Japan Geoscience Union Meeting 2016

Presentation information


Symbol M (Multidisciplinary and Interdisciplinary) » M-IS Intersection

[M-IS11] tsunami deposit

Thu. May 26, 2016 3:30 PM - 4:45 PM Poster Hall (International Exhibition Hall HALL6)

Convener:*Kazuhisa Goto(International Research Institute of Disaster Science (IRIDeS),Tohoku University), Masanobu Shishikura(Institute of Earthquake and Volcano Geology, National Institute of Advanced Industrial Science and Technology), Yuichi Nishimura(Graduate School of Science, Hokkaido University)

3:30 PM - 4:45 PM

[MIS11-P11] Geological evidence for tsunamis and earthquakes from Lake Hamana and Fuji Five Lakes

*Atsunori Nakamura1, Evelien Boes2, Helmut Brückner3, Marc De Batist2, Osamu Fujiwara1, Edmund Garrett4, Vanessa Heyvaert4, Aurelia Hubert-Ferrari5, Laura Lamair5, Yosuke Miyairi6, Stephen Obrochta7, Masanobu Shishikura1, Shinya Yamamoto8, Yusuke Yokoyama6, The QuakeRecNankai team (1.National Institute of Advanced Industrial Science and Technology, 2.Ghent University, 3.University of Cologne, 4.Royal Belgian Institute of Natural Sciences, 5.University of Liège, 6.Atmosphere and Ocean Research Institute, The University of Tokyo, 7.Akita University, 8.Mount Fuji Research Institute, Yamanashi Prefectural Government)

Keywords:Tsunami deposit, paleo-earthquake, Lake Hamana, Fuji Five Lakes

Great earthquakes have repeatedly occurred along the Nankai Trough, the subduction zone that lies south of Japan’s heavily industrialized southern coastline. While historical records and geological evidence have revealed spatial distribution of paleo-earthquakes, the temporal variation of the rupture zone is still under debate, in part due to its segmented behavior. Here we explore the potential of the sediment records from Lake Hamana and Fuji Five Lakes as new coherent time series of great earthquakes within the framework of the QuakeRecNankai project.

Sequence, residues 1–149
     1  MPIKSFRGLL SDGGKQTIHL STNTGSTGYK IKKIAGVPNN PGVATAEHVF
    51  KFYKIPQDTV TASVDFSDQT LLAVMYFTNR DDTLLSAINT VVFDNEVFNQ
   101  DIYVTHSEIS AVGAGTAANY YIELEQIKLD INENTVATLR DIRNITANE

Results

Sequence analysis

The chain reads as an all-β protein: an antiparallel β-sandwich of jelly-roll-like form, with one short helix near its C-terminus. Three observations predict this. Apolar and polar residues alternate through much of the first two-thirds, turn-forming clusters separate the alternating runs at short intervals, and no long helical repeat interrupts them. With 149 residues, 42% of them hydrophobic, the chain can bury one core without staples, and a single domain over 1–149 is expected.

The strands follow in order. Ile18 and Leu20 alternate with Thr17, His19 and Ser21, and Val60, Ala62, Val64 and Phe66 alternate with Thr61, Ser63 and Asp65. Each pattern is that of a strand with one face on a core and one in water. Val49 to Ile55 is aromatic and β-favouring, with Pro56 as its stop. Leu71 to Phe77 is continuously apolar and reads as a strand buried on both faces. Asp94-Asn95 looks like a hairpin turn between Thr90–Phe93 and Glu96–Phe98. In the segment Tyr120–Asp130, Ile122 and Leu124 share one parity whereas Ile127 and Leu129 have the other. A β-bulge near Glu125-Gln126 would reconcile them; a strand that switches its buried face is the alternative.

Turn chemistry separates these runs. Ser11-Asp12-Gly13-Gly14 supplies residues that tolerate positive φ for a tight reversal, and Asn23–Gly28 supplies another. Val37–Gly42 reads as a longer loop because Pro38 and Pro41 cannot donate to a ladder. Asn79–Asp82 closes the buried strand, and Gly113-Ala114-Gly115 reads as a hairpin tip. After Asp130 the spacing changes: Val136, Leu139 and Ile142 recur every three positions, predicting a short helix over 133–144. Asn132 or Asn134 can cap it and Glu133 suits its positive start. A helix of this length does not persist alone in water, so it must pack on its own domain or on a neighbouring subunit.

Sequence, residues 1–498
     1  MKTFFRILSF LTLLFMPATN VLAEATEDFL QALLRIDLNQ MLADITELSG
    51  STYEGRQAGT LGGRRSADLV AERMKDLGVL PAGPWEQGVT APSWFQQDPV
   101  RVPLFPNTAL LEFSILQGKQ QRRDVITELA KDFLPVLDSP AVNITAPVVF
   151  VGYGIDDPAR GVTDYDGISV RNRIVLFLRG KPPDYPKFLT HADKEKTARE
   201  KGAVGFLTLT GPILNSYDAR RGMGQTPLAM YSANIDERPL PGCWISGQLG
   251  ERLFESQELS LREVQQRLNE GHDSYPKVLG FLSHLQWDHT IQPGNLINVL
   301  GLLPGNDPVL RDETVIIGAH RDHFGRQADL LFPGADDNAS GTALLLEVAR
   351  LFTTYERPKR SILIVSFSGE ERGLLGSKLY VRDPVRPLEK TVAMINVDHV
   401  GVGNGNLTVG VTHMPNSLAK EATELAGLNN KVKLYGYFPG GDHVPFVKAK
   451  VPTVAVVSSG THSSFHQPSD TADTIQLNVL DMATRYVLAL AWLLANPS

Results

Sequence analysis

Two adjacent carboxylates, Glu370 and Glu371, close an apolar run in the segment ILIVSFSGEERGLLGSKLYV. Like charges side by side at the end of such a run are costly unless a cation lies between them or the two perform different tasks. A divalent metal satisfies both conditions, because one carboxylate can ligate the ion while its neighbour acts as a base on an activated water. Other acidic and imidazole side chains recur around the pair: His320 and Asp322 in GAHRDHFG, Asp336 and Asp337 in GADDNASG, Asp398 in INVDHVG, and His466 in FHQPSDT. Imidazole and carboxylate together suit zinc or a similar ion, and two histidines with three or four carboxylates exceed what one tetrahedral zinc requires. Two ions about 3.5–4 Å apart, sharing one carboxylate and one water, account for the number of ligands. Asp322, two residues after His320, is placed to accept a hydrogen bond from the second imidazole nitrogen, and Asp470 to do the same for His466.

We obtained pilot gravity cores form Lake Hamana and the Fuji lakes Motosu, Sai, Kawaguchi, and Yamanaka in 2014. In order to image the lateral changes of the event deposits, we also conducted reflection-seismic survey. Based on these results, potential coring sites were determined and then 3–10 m long piston cores were recovered from several sites in each lake in 2015. The cores consist of 2 m long sections with 1 m overlaps between the sections allowing us to reconstruct continuous records of tsunamis and paleo-earthquakes. In this presentation we introduce the progress of QuakeRecNankai project and discuss the potential of the lakes as Late Pleistocene and Holocene archives of tsunamis and paleo-earthquakes.